Manzella has shoveled through 12 years of research on the physiology, sizing, and anatomy of women's hands to come up with some astounding data that finally clarifies why women's gloves never really quite fit.
And this research has been applied to an entirely new line of active, outdoor gloves by the Buffalo, N.Y.-based company. We aren't just talking a little tweaking here and there. The company had eight styles of women's gloves previously. It dumped them all when it found out how wrong it was in sizing (and it's not the only company that is way off), and is introducing two-dozen new styles for Fall '02.
We at SNEWS mentioned the findings to several women acquaintances and colleagues -- one women just looked shocked and said, "My gosh, all this time I just thought I had weird hands."
No, women do not have weird hands and a downsized men's glove -- you know, an XS instead of as S, and so forth -- is not a glove designed for women. Not as if Manzella was planning a total line re-vamp when it began some women's focus groups almost a year ago.
"When we started this project, we didn't think it was going to come down to fit," Tony Manzella told SNEWS®. The company heard a lot of discontent, but "nobody cared about styling. The majority was not happy with fit. It really came down to fit."
So the company did additional user groups, and then consulted with hand physiologists who dug around in dusty ol' research. The result showed three primary differences in North American women's hands:
• Length - Women's hands vary more in length than in width.
• Mass -- Women's hands don't have as much girth or mass in the palm area.
• Wrist -- Women's hands taper more at the wrist
What this came down to is why our sample woman, quoted above, and likely many others (including one SNEWS® editor who always just thought she also just had weird long fingers) always found gloves too short in the fingers when they sized down to get the mass to fit better, but if they sized up for more length, the glove got too baggy. And it always bagged at the wrist, leaving that area susceptible to chills and drafts. So they complained a bit, but coped since, well, there weren't a lot of choices.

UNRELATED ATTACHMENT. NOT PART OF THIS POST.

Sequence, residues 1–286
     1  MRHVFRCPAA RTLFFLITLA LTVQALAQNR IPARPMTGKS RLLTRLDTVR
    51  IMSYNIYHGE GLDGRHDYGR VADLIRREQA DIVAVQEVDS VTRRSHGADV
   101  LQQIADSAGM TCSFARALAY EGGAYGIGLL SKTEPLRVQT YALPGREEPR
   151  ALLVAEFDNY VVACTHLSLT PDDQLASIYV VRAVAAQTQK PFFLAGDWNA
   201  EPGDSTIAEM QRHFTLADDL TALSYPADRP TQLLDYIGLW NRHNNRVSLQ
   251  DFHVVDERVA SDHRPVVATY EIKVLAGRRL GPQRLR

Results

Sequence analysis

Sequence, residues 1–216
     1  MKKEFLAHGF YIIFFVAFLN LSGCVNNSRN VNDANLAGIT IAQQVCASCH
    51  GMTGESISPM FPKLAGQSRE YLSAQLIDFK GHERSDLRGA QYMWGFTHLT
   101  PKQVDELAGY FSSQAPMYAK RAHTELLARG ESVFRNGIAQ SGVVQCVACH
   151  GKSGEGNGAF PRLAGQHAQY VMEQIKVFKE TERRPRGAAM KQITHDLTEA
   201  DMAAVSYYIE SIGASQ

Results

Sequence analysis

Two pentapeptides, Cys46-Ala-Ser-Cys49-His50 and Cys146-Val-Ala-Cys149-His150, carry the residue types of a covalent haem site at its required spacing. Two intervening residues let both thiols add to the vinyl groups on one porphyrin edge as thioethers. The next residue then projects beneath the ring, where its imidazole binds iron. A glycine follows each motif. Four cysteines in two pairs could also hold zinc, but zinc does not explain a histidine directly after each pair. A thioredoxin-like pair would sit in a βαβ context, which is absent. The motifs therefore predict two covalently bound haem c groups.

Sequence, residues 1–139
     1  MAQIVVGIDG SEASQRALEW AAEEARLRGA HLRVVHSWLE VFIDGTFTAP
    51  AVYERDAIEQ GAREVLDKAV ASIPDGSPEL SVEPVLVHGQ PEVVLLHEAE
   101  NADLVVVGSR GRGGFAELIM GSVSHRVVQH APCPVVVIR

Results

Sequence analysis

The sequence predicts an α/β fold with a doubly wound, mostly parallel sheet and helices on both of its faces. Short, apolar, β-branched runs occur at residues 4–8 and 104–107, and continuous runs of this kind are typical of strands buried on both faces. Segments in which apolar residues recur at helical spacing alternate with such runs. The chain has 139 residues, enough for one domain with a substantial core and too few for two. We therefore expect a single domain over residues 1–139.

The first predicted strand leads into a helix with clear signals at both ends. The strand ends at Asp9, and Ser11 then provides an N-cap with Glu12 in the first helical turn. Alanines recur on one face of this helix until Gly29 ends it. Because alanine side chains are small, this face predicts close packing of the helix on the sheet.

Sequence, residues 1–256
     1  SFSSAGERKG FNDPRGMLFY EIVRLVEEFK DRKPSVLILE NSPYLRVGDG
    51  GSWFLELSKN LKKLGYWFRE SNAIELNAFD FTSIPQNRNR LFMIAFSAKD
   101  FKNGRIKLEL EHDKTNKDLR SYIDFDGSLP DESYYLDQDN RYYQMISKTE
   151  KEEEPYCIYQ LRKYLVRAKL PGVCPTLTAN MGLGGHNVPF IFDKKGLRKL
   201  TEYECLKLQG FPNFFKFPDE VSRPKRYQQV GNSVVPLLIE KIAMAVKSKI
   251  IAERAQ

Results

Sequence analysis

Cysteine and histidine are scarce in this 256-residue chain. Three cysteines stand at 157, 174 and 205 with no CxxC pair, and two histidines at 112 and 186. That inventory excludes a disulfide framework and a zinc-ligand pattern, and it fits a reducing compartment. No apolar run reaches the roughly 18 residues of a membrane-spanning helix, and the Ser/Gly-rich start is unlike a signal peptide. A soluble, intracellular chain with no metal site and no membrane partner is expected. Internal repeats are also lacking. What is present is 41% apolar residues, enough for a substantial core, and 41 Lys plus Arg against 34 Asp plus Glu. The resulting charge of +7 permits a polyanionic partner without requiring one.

And this from a gender that nearly always has cold hands, huh?
The new Z-System line -- at retail by August 2002 -- will include simple Poly-Lycra liners, as well as technical materials such as Malden's Polartec and Wind Pro, plus the first glove using Gore-Tex's new N2S fabric. And, above all else, it is a joy how they actually fit the finger length and palm width.
• The N2S glove (WSLW-10) is a breathable, wind-stopping, water-resistant silk-weight glove that is meant to wear as a base for higher-output activities. We at SNEWS find it also works well with an extremely lightweight layer underneath. We also love this lightweight glove. MSRP $30.
• The Thermolite base (TSW-10) is a thickly knit glove that gives great thermal protection, but is also thick enough to stave off drafts coming at the back of your hands. Breathable and wicking. A great all-around pair, especially for the price. MSRP $12.
• The Outlast liner glove is lighter-weight than the Thermolite one, above, but is still a great all-around pair. We are convinced that the Outlast actually absorbs, stores, and releases body heat. But then, if your hands are chilled enough that they don't have any heat to release, what's the point? Still, they are a light base pair. MSRP $13.
• The Polartec Wind Pro glove (WPW-10) promises to be another favorite, with its fleecy snuggly material, yet sleek fit. And the technical features of water-repellency and wind protection are a dream come true for the cold-hand crowd. MSRP $30.
The new Z-System, which for 2003 will include better materials and fabrications plus insulation in key areas, also includes balaclavas, neck gaitors, headbands, and hats -- mostly in technical fabrics. This is the No. 1 expected growth area for the company this year, Manzella said.
This could give Manzella (www.manzella.com) a competitive edge among women, who are big on word-of-mouth info-sharing.
"We didn’t reinvent the wheel," Manzella said, admitting to an edge that he of course looks forward to. "We just found out what women didn’t like about gloves."
Yes, but then they changed those things.
"The bottom line is, we are now going to have gloves women will be happy with," Manzella said. "If your hands are dry and warm, you'll be able to stay outside longer and do what you want to do."